Cocoa Gains on Output Concerns in Ivory Coast; Coffee Advances

Cocoa futures advanced in New York on lingering concerns that drier-than-normal weather in Ivory Coast, the world’s largest producer, will curb output. Coffee, orange juice and sugar gained, while cotton fell.

Thunderstorms from Ivory Coast to Nigeria and Cameroon will bring 0.1 inch (0.25 centimeter) to 0.5 inch of rain daily through Sept. 25, said in a report today. Ivory Coast typically gets 0.5 inch to 2 inches of rainfall a week this time of year, MDA Weather Services said Sept. 16. Cocoa prices have gained 17 percent this year on speculation that global production will fall short of demand.

“It’s weather that’s primarily affecting that market,” John Caruso, a senior commodities broker at RJO Futures in Chicago, said by telephone. “The drier conditions are expected to lead to lower production.”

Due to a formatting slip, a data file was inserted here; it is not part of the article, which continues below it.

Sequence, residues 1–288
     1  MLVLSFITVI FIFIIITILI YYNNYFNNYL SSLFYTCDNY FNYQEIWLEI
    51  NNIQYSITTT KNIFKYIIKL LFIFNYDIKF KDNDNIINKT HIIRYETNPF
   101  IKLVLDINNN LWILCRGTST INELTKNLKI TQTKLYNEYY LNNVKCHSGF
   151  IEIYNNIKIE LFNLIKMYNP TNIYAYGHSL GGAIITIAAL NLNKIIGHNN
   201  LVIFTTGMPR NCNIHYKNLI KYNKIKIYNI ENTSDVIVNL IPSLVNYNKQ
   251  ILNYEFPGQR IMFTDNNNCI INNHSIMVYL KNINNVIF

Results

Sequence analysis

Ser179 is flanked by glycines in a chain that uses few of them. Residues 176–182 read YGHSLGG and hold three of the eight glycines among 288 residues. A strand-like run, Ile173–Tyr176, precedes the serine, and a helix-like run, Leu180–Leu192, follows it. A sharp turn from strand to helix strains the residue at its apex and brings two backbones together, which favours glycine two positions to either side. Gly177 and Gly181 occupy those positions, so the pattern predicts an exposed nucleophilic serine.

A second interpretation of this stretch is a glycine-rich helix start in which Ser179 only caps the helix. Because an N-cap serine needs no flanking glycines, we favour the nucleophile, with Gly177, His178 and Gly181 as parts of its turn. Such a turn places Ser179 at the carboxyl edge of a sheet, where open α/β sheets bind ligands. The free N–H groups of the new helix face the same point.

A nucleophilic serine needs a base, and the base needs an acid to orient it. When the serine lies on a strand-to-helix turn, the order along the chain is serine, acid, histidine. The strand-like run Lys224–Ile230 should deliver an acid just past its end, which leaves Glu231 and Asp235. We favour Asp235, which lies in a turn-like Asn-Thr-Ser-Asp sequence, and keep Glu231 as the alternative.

Cocoa for delivery in December gained 0.1 percent to settle at $2,610 a metric ton at noon on ICE Futures U.S. in New York, after rising as much as 0.7 percent.

Arabica-coffee futures for December delivery climbed 2.1 percent to $1.1705 a pound in New York.

Dak Lak, which accounts for about 30 percent of Vietnam’s coffee output, will get more rain from Sept. 21 to Sept. 30 than the previous years’ average, Meteorology and Hydrology Dept. said last week in an e-mailed report.

“The big rains in Vietnam come at the worst time as the cherries should be about ready for harvest,” Jack Scoville, a vice president at Price Futures Group in Chicago, wrote in an e-mail today. “Demand is getting better.”

Orange-juice futures for November delivery rose 0.6 percent to $1.263 a pound. Raw-sugar futures for March delivery added 0.1 percent to 17.76 cents a pound on ICE, while cotton futures for December delivery slipped 0.3 percent to 84.27 cents a pound.

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